Tuesday, May 29, 2007

The Basics of Barbecue

Have I ever told you about my kids?
I’ve been blessed with three, each of whom has made me immensely proud as they reached adulthood.

Readers of this newspaper are most likely to know of the one who bears my name, Rod Jr., my oldest son. “RJ”, as he is often called, has followed closely in my footsteps, working with me as both a newspaper editor and political consultant. Despite this obvious error in judgment, I am proud of him. Everyone who works with him in either field – newspaper or politics – comes away impressed with his skills.

My step-daughter, Amy, has spent the last two years as a public school teacher in Charleston and Berkeley counties. She earned her Masters from the College of Charleston in Early Childhood Education, and has a passion for helping to develop young minds that few possess. She, too, has made me very proud.

And then there is my second son, Ross, who some have a hard time believing is my son at all, due to (a) his distinguished stint in the military, and (b) his apparent normal lifestyle. While it’s true that I personally have a hard time wrapping my mind around things like the military or a normal, 9-to-5 job, I am nonetheless both proud of and impressed with his accomplishments. He graduated from Annapolis, served as a U.S. Navy submarine officer, taught Naval Sciences at the University of South Carolina, and is now enrolled in Law School.

A while back, however, I discovered that Ross does have one redeeming departure from normalcy: he writes a very popular blog entitled “Barbecue and Politics” (scbarbecue.blogspot.com).

While his political commentary is insightful and entertaining, his reviews of Barbecue establishments from across the state are critical in answering one of life’s most fundamental questions: “Where can you get the best Barbecue?”

Since, as the old saying goes, “the apple don’t fall too far from the tree”, I’m pretty sure I, too, have some useful BBQ knowledge to impart. And, now that Memorial Day is passed, and we’re well into Barbecue season, I thought I would review some of the Bar-B-Q basics to help you get your summertime off to a good start.

Let me emphasize that it is NOT necessary for everyone to memorize these BBQ basics… only if you live south of the Mason-Dixon line, in which case it is a critical and necessary part of surviving.

BBQ Basic #1: There are about ten different ways to spell barbecue, and they are all correct: Barbecue, Barbeque, Bar-B-Cue, Bar-B-Que, Bar-B-Q, BBQ, etc. Fact of the matter is, it’s danged near impossible to MISspell the word.

BBQ Basic #2: It is not always necessary to capitalize the word Barbecue… only when it is written, spoken, or dreamt of.

BBQ Basic #3: There are three officially-recognized kinds of sauce -- Mustard-based, ketchup-based, and vinegar-based – and the vinegar stuff don’t always count.

BBQ Basic #4: Cooking slabs of pork, beef, poultry, etc., over a fire is “Barbecuing”; Cooking hotdogs or hamburgers on a grill is “grilling”… although the term “barbecue” has been Yankeefied to erroneously refer to the latter as the former. (Note: It’s not proper to capitalize the word “barbecue” when you’re erroneously referring to “grilling out”.)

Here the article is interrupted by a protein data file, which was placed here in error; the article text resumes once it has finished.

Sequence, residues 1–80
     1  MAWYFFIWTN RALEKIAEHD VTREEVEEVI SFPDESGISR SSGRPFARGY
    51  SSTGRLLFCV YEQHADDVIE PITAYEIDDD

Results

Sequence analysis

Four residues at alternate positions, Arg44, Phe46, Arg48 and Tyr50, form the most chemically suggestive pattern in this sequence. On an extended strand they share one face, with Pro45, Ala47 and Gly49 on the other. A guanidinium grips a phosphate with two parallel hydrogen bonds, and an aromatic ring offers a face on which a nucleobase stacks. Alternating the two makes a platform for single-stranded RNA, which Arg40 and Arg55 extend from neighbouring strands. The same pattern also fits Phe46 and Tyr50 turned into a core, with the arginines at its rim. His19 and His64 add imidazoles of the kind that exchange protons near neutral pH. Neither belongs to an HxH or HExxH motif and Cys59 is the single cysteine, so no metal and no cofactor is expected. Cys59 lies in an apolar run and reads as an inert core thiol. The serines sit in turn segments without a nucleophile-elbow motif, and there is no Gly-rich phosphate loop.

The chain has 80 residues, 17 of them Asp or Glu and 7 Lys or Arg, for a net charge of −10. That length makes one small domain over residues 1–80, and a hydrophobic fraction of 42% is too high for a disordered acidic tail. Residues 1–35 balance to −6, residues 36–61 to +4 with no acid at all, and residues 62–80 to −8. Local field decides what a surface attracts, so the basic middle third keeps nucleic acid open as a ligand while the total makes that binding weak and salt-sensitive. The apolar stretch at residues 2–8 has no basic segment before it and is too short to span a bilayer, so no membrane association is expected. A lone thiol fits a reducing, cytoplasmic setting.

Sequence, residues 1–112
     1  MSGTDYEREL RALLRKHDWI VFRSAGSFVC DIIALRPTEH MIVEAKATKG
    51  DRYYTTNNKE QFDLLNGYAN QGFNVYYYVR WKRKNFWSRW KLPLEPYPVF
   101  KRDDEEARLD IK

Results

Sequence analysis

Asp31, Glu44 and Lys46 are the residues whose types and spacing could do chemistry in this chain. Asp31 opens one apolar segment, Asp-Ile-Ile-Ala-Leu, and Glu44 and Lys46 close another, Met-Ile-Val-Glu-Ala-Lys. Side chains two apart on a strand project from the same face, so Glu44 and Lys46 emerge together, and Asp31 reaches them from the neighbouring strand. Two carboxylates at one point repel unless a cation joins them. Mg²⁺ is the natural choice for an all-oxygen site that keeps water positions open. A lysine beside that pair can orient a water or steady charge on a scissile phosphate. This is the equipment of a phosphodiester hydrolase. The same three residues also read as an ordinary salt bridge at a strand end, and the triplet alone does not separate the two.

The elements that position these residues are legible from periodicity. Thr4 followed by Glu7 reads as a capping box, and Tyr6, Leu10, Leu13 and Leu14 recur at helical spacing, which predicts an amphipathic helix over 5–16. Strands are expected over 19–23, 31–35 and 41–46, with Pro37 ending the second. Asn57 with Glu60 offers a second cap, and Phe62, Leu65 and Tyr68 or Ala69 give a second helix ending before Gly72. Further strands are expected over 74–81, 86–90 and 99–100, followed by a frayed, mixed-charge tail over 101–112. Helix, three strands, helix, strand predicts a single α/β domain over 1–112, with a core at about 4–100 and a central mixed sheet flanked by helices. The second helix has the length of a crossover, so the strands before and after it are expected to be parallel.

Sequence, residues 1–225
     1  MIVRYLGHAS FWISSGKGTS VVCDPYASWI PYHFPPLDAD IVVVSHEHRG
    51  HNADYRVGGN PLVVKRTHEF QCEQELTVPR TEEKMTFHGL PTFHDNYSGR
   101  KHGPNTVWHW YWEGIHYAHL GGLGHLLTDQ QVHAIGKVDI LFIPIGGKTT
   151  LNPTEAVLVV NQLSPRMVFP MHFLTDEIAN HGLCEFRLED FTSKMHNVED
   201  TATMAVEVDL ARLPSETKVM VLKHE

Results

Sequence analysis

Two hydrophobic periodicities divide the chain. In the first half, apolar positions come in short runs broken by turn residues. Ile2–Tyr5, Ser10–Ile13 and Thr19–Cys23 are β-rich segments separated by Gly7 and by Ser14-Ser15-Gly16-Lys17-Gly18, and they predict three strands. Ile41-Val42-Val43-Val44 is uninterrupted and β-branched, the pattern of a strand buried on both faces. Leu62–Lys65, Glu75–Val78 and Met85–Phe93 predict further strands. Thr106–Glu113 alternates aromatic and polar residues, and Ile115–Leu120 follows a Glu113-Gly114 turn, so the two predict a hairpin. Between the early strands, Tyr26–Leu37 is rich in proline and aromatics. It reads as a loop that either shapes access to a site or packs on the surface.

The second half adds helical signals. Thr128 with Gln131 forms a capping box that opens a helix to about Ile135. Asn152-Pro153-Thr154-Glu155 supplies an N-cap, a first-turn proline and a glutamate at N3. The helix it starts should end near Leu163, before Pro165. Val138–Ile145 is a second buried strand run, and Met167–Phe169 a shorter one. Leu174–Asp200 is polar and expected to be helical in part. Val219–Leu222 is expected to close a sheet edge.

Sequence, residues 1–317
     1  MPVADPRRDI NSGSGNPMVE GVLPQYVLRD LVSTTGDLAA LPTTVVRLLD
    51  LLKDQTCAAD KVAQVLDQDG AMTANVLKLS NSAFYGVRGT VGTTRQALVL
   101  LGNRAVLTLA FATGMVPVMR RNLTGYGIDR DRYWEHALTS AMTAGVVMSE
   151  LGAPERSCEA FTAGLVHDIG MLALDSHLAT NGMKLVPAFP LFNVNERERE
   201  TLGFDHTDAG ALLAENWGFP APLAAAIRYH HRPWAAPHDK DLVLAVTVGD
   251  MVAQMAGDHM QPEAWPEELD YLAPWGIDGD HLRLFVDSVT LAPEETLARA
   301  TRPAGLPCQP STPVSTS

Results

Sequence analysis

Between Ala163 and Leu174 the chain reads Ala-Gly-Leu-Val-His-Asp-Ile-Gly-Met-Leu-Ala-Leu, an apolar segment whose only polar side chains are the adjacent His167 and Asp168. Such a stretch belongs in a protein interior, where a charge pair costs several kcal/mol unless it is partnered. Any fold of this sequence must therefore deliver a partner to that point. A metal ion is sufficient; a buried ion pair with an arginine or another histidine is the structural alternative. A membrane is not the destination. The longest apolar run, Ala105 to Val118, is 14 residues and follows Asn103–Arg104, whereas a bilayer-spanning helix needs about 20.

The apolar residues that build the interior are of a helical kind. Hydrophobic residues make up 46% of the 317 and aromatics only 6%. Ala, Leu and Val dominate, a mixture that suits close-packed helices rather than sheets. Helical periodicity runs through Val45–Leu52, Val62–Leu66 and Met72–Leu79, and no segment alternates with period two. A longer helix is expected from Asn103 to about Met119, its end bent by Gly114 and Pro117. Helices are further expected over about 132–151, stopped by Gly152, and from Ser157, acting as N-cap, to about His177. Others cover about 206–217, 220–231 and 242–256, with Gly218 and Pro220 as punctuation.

BBQ Basic #5: Barbecue is good.

BBQ Basic #6: Barbecue is also fattening. Get over it.

BBQ Basic #7: The word Barbecue can be used as a noun, a verb, or an adjective. In some counties, also an interjection.

BBQ Basic #8: Summertime is Barbecue time. If you’re in the South, and you do NOT eat Barbecue on Memorial Day, July Fourth, or Labor Day… hope you enjoyed your stay, now you can go back up North.

BBQ Basic #9: There are only a few acceptable foods to eat along with Barbecue: Hash and rice, baked beans, sliced bread, coleslaw, and hush puppies. If anyone tries to pawn off anything else on you (i.e. – French fries, salad, baked potato, etc.), tell’em to take it back and bring you some HASH!

BBQ Basic #10: Barbecuing is a skill… a lot like rocket science. Don’t try it at home. Leave it to the professionals. (If you have any trouble finding a place to eat Barbecue, feel free to send me an email: RodShealy@aol.com. I’ll consult with my young’uns and let you know the best place for you.)

Have a good summer.

Tuesday, May 22, 2007

You should do it, too!

Every week, I “do” the First Amendment. I take advantage of one of the four basic freedoms which have been guaranteed by the First Amendment of the Constitution of the United States: Freedom of the Press. I also regularly take advantage of the other three: Freedom of Speech, Freedom of Religion, and Freedom to Peaceably Assemble.

You should, too.

These freedoms make our system of government work. Our Democratic Republic is designed to allow majority rule while protecting the rights of the minority. The system works best if we have an informed public… which is possible because of our individual freedoms to express our personal opinions, and even to try to sway the opinions of others. Freely sharing opinions on the important issues of the day helps insure that the information received by the public is balanced. Like your vote, your opinion can make a difference.

This was all brought to mind last week by the Republican Presidential Debate hosted in Columbia. The folks from the Fox Network, which sponsored the debate, asked me to meet them for an on-camera interview -- in my role as a political strategist -- to talk about the significance of our state’s primary.